JACKI LYDEN, host:
This is WEEKEND EDITION from NPR News. I'm Jacki Lyden.
This week, a federal judge in Virginia allowed that state's challenge to the Obama health care law to move ahead in court. But the legal dispute experts are really watching is in Florida, where 19 other states have filed court papers intensifying their fight to overturn the law on a much wider set of arguments.
NPR's Carrie Johnson reports.
CARRIE JOHNSON: To opponents of the new federal health care plan, the law represents a groundbreaking power grab by the federal government, one that should be fought all the way up to the Supreme Court. And they've got the sweeping rhetoric down already.
Mr. DAVID RIVKIN (Attorney): This case is about power, accountability, and about the future of our unique federalist system.
JOHNSON: That's David Rivkin. He's a lawyer who's helping Florida and 20 other states. They have banded together with a business group and small business owners who are suing to throw out the entire health care law. The arguments revolve around the same issue: whether the federal government is overreaching into the lives of people and industry.
Mr. RIVKIN: We feel that the statute if sustained would not just produce extremely bad results in the health care sector; it would fundamentally warp our constitutional architecture.
JOHNSON: Florida's lawsuit targets the individual mandate. It's a requirement that people buy health insurance or pay a penalty. Opponents argue that Congress overstepped its authority under the Constitution's commerce clause. The commerce clause usually comes into play when Congress wants to regulate economic activity.
But in the health care law, Congress moved to exert control over people's failure to act - in this case to buy insurance.
Mr. ROB WEINER (Attorney): The opponents say this is regulation of inactivity, and that's not right.
JOHNSON: Rob Weiner is leading the government's effort to defend the health care law.
Mr. WEINER: What it is, is everybody is going to need medical services -virtually everybody - and they're going to have to pay for them. And this regulates how you pay for them.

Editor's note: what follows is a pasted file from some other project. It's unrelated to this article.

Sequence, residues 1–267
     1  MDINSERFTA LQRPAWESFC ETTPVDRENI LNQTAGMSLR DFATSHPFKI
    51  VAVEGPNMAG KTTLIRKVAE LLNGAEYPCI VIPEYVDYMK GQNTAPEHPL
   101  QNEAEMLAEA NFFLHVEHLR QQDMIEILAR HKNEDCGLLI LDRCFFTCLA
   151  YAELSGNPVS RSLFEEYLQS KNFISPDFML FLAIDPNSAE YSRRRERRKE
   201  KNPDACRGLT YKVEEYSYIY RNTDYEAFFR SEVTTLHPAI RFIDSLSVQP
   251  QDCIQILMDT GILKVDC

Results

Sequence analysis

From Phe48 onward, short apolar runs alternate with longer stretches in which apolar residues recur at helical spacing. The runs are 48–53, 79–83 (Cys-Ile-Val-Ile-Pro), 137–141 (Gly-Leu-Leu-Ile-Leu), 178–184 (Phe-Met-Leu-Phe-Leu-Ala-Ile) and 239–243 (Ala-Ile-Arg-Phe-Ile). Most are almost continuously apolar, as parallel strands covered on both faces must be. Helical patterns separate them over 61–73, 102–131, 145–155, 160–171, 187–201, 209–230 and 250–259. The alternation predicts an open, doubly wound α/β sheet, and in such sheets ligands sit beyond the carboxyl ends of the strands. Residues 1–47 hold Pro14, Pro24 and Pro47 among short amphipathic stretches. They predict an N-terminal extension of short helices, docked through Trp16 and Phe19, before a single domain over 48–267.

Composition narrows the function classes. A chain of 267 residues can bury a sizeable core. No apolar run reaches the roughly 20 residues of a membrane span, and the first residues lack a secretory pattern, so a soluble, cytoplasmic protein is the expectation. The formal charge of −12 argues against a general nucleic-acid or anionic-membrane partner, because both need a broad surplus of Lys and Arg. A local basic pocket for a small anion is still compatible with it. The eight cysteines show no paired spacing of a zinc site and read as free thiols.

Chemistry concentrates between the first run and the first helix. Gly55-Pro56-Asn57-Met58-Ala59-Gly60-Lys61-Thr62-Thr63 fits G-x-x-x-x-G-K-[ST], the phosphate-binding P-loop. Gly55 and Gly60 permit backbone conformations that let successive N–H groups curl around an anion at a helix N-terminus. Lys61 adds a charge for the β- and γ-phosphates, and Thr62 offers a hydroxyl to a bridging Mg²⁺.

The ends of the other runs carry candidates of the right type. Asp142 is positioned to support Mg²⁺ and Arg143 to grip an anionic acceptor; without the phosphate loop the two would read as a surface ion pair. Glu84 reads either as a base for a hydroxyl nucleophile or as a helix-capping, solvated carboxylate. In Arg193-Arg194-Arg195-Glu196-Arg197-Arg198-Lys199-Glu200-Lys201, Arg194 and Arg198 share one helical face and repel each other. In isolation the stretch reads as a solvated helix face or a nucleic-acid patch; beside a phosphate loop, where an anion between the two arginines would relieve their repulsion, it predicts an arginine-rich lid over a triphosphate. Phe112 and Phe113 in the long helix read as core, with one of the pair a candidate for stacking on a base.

JOHNSON: The Obama administration says taxpayers are on the hook for $43 billion each year in medical bills, racked up by people who have no insurance. Weiner says that's more than enough to trigger the federal government's interest in regulating this economic activity. And the administration says if states don't like the new law, they can just opt out of federal insurance programs like Medicaid.
Mr. WEINER: Congress is appropriating billions of dollars that it's providing to the states for Medicaid, and it's entitled to attach conditions to the billions of dollars that it provides.
JOHNSON: The states say it's not so easy to walk away from Medicaid and there is no clear way to sever those ties, even if they wanted to. A judge will hear the arguments when both sides face off in court in Florida in September.
And while it's been five months since President Obama signed his top domestic priority into law, national polls suggest the political divide persists.
Robert Blendon studies health policy and politics at Harvard.
Mr. ROBERT BLENDON (Harvard University): It's very partisan divisions, where overwhelmingly Democrats like this bill, think it's one of the great things for the country, and overwhelmingly Republicans think this bill is a terrible mistake. And in fact the polls that asked about repeal show most Republicans favoring some sort of repeal or replace.
JOHNSON: The most contentious aspect of the law, the individual mandate, doesn't take effect until 2014. The future of health care, Blendon says, could be subject to plenty of political changes before then, like two congressional elections and a presidential race.
Carrie Johnson, NPR News, Washington.
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